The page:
Attorneys settled today on four more prospective jurors on the sixth consecutive day of jury selection in the first-degree murder case against Casey Anthony.

Judge Belvin Perry Jr. said at the end of the first session in a Pinellas County courtroom today that once attorneys agree on 15 total potential jurors, he hopes to move toward getting the trial under way. Twelve prospective jurors have been chosen.

"Fifteen is the number where once I hit that magic number, that's when I'm going to start swearing them in," Perry said.

As the afternoon session began, Casey Anthony herself remained attentive to the proceedings.

Juror 1407, a young man with long, shoulder-length dark hair and a thin build, was chosen as the ninth potential juror during the morning session. He attracted the interest of Casey Anthony herself, who watched him as he answered questions.

The juror, who is 22, lives at home with his mother and is an atheist. He is training to be a mechanic. He supports the death penalty for the right circumstances, he said.

He also said he generally avoids the news because "it's all awful." Still, despite that, he says he has no doubt he could serve on this jury.

Defense attorney Jose Baez tried to have him removed for cause in part because he misrepresented his criminal history on his juror questionnaire. But Judge Perry denied the request, and Baez chose not to use a peremptory challenge to remove him from the panel at this time.

The second potential juror chosen today was juror 1251.

She told the judge and attorneys that she had a conversation with her daughter earlier this week. The daughter figured out which case she was being considered for, and told her, "Mom, that going to change your life."

She told her daughter, "Well, I don't know...All we can do is wait and see."

She said she does not think publicity, a book, or media interviews would influence her decision on whether Casey Anthony should live or die.

The third juror chosen today was juror 1429, a retired woman who said she enjoys going to the gym and gardening. She also said she did not really have an opinion about the death penalty.

The fourth juror chosen today, No. 1119, is a truck-driving, married father of two in his 40s. He said he had thought Anthony to be guilty before hearing Perry's Monday instructions about how jurors should consider the trial.

He also said he actually did not want to be chosen for the jury because it would mean that he would be away from his family.

The judge and attorneys questioned several other people who were dismissed today.

Juror No. 1167 was dismissed after he admitted that he was totally opposed to capital punishment. He said he "physically would not be able to" find her guilty of first degree murder out of concern it might lead to Casey Anthony being put to death.

Perry thanked the man for his candor.
The first juror called this morning was number 1123, a middle aged white male. He said his son is graduating from high school, and he has a fishing trip planned in the Keys coming up. If he had to serve, he would miss those events. But then he said he also paid attention to this case in the news.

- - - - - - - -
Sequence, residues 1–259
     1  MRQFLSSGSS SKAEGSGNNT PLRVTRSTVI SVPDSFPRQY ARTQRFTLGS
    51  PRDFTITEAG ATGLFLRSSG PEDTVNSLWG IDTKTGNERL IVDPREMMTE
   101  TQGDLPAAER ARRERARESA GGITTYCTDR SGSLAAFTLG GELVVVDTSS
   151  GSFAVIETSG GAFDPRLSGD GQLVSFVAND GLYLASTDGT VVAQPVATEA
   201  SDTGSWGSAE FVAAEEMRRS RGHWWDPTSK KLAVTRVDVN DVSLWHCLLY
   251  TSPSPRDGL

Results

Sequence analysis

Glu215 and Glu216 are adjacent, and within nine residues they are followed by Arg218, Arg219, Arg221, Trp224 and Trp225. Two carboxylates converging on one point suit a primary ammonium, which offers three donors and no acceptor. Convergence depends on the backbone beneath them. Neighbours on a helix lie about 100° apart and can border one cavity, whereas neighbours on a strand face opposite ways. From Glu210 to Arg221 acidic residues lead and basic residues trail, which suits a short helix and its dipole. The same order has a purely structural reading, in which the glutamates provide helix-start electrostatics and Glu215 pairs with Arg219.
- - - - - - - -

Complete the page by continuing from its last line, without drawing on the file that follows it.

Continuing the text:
"I really, like, have already formed an opinion...I hate to say it, I think she's guilty," he said

"Can you lay aside that opinion sir?" Judge Belvin Perry asked.

"I don't think so, sir," he said.Juror 1050, another white middle aged male, also said he has formed an opinion that she is guilty and said he cannot lay aside that opinion either.

Juror 1392 has heard about the case, but has few details. He recalled seeing the case mentioned on Nancy Grace, but said much of what she does is opinionated and "foolishness." He was excused for cause after the prosecution said he violated the court's order about electronic communications because of posts he made about jury duty on Facebook.

Juror 1394, a middle-aged white woman, said she had heard about the case and recalled that Casey Anthony was somehow involved with the murder of her of her daughter. She said she had lost a child in a car crash and had an opinion about the Anthony case.

"I believe to lose a child is the worst thing this earth has to serve on anyone," she said.

The woman said she did not think she could be fair and objective to a parent who did not participate in a law-enforcement investigation of the death of the parent's child.

"I would see that as guilt by omission," she said.

She was excused.

Another juror, No. 1361, was dismissed because of financial hardship.

Juror 1001, a young man, was dismissed after the state challenged him because prosecuting attorneys said they thought he was biased against law enforcement based on something he had written on Twitter about Florida police officers being useless. The juror said he had been angry after his car was damaged in a small crash.

Anthony, 25, is accused of killing her 2-year-old daughter, Caylee Marie Anthony, in the summer of 2008.

Because of the pre-trial publicity surrounding Anthony's case, Orange-Osceola Chief Judge Belvin Perry chose to seat a jury in Pinellas. Once a panel is chosen, the jury will be brought to Orange County, where the trial will unfold.

Perry was hoping to have a 20-member jury seated — 12 jurors and eight alternates — in time to have opening statements Tuesday in Orlando.